Now, let's talk about bobbles. Apparently, not all bobbles look good with certain yarn/needle combos. My bobbles look funny. I've understood the concept of how to make bobbles for a while now, but this was actually the first time I have made bobbles. I'm not really a fan of them. In fact, in combination with the first chart, the dragon's egg chart, I think they look awful. I almost wish I could just knit my second sock without the dragon's egg chart. The sock bulges at that point and makes the sock look strange. I know I haven't blocked it yet, but I can't imagine it will smooth out too much...but wool can be amazing. We'll see after they're both washed and blocked.

The heel is probably one of my favorite sections of this sock. That's boring, I know. It's a slip stitch heel so it's more durable that a stockinette heel, and because of the slipping of stitches, it has less elasticity than a ribbed heel. I'm convinced that I won't have droopy heel syndrome with these socks, and I'm fairly certain that these heels will last forever. I'm still that obnoxious kid who never unties her shoes before taking them off; a durable heel is key for me.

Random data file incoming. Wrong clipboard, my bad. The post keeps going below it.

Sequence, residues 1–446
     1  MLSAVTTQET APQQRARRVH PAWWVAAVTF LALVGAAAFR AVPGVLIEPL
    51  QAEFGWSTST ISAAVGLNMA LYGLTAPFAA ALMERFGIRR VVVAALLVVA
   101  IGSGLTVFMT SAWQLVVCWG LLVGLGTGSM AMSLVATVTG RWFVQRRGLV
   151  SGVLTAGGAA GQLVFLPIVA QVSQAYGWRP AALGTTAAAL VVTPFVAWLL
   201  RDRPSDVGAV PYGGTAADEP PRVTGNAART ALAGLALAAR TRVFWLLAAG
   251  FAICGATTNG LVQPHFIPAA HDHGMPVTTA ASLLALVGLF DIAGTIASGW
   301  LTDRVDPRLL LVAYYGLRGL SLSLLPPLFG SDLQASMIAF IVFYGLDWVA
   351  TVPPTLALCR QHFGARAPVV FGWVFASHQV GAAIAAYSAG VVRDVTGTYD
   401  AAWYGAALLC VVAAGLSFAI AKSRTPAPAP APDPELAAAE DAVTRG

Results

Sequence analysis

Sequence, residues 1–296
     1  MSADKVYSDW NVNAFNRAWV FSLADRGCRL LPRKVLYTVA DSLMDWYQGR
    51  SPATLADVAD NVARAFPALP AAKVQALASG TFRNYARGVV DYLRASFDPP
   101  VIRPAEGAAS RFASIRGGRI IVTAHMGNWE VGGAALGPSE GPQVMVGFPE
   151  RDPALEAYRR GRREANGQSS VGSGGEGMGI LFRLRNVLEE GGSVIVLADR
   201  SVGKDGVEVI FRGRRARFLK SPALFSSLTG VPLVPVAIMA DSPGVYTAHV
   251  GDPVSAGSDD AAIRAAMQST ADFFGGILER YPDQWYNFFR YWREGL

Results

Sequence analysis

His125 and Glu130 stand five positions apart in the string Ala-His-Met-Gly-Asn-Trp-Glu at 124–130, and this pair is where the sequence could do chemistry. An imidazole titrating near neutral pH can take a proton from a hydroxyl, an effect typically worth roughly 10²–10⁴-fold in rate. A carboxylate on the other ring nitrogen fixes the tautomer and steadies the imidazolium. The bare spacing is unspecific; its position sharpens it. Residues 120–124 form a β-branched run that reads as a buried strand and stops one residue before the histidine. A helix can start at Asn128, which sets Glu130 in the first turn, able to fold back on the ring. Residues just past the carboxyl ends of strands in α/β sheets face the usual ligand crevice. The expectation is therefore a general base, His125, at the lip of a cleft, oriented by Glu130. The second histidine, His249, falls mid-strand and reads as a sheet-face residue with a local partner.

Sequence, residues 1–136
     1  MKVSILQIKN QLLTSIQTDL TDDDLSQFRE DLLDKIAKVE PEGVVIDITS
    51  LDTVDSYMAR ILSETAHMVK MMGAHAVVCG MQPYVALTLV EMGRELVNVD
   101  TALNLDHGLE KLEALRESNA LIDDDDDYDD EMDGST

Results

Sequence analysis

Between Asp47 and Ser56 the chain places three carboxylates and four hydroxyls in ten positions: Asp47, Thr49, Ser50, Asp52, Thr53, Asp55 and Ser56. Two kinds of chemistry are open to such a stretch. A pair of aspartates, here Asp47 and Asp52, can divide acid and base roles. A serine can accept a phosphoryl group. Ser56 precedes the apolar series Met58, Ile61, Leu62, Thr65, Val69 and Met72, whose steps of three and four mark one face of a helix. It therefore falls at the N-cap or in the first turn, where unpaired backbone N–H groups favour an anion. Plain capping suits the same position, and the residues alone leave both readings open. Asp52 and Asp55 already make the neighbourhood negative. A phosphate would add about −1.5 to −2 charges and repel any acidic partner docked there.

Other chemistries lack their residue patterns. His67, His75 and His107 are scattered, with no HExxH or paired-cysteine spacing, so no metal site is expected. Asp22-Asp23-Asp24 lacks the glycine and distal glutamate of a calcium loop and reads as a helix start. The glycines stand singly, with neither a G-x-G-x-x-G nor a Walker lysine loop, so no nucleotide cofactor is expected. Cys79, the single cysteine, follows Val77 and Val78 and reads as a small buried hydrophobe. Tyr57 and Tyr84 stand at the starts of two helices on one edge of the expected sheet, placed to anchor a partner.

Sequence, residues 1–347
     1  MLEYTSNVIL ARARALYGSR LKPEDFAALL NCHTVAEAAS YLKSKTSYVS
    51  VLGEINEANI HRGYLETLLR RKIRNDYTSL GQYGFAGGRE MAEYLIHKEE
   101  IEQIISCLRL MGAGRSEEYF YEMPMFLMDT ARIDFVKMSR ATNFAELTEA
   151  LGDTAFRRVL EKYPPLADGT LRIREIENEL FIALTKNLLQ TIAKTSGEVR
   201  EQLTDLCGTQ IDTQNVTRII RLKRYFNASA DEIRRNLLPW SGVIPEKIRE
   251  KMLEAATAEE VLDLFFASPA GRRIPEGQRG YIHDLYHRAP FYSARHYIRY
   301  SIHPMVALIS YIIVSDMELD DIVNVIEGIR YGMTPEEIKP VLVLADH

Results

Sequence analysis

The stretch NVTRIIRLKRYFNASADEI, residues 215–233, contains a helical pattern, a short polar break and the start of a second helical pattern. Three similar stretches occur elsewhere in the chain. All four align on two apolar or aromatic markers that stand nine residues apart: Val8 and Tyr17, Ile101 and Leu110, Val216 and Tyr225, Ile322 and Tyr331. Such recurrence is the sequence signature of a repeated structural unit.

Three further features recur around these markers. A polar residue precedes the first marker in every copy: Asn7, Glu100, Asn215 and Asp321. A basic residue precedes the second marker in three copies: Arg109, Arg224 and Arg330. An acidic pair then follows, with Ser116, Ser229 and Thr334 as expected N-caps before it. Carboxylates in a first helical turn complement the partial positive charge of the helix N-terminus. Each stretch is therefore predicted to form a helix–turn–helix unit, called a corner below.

Last, let's focus on the top-side (Quidditch) pattern after the heel is finished. Remember how I said these are unisex socks? Well, it would probably be better to call these 'socks for the average male foot and for the above average female foot.' Okay, so it also gives the dimensions in the pattern. For the smallest size (ie, the woman's size), knit the Quidditch pattern until the sole length measures 8 inches, or 2 inches smaller than the actual size of the foot. I don't have very large feet (in fact they've shrunk after so much martial arts training and long distance running), so my sock needs to be at 7 inches by the time I begin the decreases for the toe shaping. The Quidditch pattern is (in)conveniently 2 inches long for the whole repeat. Well, poo. My short foot means that I'll have to cut the Quidditch pattern short and in an awkward spot. In the end, I decided to just start knitting the whole rest of the foot in stockinette and decrease when it got to 7 inches. The model has a nice finish where the pattern transitions into toe, but mine has this strange extra bit of nothingness. I guess it looks okay, but now I doubt my decision to just stop the pattern. Perhaps I could have made up something? I'll think about that if I make these again.